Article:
AARP Virginia Fraud Alert: Lost Wallet? What’s Next

Posted on 06/24/24

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We’ve all been there; you reach for your wallet and find nothing in your pocket or purse. The panic we feel in that moment is real because our wallet can be a treasure trove for criminals, who can go on to perpetrate credit card fraud or identity theft. Most times that feeling is short lived but sometimes that wallet really is gone. Here’s what to do if this happens to you.

First, cancel all debit or credit cards. By reporting them lost or stolen ASAP you may be able to avoid illegal charges. This is especially important for debit cards which are gateways to your bank account.

Next, file a fraud alert. With your driver’s license in hand, identity thieves can do a lot of damage. You can request that the credit bureaus — Experian, TransUnion and Equifax —place a fraud alert on your credit. (Contact one and the others will add the fraud alert, too.) A fraud alert notifies creditors, lenders or anyone viewing your credit report that someone may be trying to apply for credit in your name.

Lastly, if you think your wallet has been stolen, call your local precinct to get a police report on record. Even though the police may not be able to recover your missing wallet, it’s a crucial piece of documentation to have on hand.   

Be a fraud fighter! If you can spot a scam, you can stop a scam.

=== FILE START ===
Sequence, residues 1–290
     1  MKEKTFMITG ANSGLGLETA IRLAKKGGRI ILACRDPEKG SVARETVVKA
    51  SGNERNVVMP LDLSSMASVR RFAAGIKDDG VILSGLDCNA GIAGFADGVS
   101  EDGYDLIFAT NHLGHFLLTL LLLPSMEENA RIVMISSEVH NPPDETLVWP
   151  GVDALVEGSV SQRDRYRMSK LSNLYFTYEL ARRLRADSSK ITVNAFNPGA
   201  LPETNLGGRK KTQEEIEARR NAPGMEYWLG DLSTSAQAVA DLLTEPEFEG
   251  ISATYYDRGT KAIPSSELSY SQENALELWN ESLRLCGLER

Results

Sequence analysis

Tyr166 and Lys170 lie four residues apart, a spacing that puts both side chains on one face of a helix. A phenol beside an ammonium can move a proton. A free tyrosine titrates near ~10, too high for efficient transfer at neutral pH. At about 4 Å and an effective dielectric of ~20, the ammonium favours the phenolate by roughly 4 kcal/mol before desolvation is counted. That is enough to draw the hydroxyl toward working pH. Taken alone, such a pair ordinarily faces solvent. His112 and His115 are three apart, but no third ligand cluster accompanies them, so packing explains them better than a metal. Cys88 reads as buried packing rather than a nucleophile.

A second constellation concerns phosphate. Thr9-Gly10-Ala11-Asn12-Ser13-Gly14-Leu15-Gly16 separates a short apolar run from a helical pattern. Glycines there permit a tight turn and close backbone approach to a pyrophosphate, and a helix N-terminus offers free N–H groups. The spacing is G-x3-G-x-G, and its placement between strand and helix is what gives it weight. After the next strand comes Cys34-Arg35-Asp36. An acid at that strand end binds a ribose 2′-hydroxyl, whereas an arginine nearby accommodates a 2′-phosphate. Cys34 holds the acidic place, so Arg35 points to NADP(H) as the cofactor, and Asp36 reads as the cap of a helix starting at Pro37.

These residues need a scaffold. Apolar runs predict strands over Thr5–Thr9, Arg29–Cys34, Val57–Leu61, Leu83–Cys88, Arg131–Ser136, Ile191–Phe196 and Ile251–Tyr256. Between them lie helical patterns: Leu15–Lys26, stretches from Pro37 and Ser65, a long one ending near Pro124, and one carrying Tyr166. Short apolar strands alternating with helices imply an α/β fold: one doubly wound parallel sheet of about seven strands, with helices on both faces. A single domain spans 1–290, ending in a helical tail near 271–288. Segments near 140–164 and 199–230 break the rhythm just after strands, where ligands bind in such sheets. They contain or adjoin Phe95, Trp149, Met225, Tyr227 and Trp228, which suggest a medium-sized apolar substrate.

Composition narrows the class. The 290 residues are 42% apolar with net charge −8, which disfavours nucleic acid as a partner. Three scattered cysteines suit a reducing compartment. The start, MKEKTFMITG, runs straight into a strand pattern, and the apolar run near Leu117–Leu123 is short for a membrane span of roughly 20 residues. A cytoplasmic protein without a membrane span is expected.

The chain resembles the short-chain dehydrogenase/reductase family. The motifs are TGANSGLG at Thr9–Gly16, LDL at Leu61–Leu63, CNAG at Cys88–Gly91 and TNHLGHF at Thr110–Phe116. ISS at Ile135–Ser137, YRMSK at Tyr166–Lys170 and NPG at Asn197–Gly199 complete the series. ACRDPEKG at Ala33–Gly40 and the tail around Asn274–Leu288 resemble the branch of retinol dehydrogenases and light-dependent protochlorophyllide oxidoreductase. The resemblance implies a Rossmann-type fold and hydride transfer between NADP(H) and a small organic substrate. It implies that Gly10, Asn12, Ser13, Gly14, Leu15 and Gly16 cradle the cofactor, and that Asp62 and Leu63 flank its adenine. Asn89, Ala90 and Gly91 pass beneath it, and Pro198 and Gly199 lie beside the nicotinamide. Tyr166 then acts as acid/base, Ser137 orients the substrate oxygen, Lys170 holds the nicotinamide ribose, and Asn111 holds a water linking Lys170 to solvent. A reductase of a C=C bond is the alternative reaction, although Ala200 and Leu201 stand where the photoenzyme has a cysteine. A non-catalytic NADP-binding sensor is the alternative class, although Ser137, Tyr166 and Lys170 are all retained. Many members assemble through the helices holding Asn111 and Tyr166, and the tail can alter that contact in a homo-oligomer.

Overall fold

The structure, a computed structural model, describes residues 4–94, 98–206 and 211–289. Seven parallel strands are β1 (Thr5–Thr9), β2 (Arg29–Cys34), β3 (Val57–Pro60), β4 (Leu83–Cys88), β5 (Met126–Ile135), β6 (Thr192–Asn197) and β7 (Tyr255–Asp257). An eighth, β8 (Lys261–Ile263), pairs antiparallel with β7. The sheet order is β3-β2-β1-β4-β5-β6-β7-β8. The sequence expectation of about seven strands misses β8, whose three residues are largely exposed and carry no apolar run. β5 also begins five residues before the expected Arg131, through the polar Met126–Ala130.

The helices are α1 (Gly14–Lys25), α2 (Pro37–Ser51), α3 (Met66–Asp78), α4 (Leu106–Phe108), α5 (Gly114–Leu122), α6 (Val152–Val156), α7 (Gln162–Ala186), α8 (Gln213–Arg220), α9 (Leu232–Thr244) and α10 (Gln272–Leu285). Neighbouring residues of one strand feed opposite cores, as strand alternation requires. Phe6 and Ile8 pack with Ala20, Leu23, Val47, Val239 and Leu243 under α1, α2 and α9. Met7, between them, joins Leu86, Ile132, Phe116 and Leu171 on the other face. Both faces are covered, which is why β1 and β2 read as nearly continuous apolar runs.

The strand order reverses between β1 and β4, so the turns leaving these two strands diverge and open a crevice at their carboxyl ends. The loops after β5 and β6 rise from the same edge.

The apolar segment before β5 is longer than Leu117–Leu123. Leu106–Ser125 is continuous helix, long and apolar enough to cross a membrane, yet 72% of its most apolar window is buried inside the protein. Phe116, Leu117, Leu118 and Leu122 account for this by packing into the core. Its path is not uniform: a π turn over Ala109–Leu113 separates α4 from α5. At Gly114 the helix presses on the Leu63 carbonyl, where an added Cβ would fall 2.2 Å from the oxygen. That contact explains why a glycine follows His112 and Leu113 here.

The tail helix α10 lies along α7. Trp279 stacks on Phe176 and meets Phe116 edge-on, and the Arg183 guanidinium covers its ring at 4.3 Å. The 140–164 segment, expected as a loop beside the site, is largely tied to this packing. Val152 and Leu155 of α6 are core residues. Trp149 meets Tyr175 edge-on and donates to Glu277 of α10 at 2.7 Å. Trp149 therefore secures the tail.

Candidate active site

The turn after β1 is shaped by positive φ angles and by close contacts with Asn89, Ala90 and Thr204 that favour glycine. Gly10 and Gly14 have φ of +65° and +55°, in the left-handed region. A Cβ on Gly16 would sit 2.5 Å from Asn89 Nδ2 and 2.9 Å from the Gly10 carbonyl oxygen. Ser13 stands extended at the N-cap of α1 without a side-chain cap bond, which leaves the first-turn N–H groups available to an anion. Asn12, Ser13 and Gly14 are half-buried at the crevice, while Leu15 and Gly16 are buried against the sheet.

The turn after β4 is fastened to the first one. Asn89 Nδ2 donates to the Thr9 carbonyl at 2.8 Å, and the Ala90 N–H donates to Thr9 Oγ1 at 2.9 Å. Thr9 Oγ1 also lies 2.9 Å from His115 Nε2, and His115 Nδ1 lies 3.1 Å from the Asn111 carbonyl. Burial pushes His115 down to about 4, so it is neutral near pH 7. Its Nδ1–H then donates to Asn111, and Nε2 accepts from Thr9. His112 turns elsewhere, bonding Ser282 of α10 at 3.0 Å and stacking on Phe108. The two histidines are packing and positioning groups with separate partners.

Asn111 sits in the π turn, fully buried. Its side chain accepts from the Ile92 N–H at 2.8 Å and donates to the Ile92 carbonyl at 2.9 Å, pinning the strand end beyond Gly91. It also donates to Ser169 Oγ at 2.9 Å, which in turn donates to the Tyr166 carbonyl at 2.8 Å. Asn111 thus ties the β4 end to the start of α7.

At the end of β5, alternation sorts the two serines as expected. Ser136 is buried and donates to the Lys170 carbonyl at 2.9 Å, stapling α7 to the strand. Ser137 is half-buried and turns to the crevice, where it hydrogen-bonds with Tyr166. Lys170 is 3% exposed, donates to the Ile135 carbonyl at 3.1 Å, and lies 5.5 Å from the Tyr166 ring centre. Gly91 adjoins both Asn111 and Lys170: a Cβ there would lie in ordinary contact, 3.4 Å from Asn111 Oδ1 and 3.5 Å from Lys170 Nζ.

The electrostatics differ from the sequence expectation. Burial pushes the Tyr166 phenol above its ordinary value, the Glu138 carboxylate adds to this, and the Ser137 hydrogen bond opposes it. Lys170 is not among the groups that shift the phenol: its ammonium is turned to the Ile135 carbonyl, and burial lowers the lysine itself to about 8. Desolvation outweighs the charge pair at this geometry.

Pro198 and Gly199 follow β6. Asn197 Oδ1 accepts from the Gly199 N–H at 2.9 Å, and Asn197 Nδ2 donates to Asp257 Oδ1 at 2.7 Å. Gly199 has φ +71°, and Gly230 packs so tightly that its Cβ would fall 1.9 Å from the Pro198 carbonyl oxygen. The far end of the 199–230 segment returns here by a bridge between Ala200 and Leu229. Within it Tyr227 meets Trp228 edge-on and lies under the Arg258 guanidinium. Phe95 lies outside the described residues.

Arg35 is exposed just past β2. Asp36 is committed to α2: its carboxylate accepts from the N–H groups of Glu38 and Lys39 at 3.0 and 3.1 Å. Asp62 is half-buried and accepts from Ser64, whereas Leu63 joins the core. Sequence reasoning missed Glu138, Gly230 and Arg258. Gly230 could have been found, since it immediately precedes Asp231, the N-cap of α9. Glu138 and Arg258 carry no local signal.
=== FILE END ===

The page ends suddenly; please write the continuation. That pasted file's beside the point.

Report scams to local law enforcement. For help from AARP, call 1-877-908-3360 or visit the AARP Fraud Watch Network at

With about 1 million members in Virginia, AARP is the largest organization working on behalf of people age 50-plus and their families in the Commonwealth. To learn more about how AARP Virginia is working in your community, like us on Facebook at and follow @AARPVa on X at

AARP is the nation's largest nonprofit, nonpartisan organization dedicated to empowering people 50 and older to choose how they live as they age. With a nationwide presence, AARP strengthens communities and advocates for what matters most to the more than 100 million Americans 50-plus and their families: health security, financial stability and personal fulfillment. AARP also produces the nation's largest circulation publications: AARP The Magazine and AARP Bulletin. To learn more, visitñol or follow @AARP@AARPenEspañol and @AARPadvocates on social media.

This story is provided by AARP Virginia. Visit the AARP Virginia page for more news, events, and programs affecting retirement, health care, and more.

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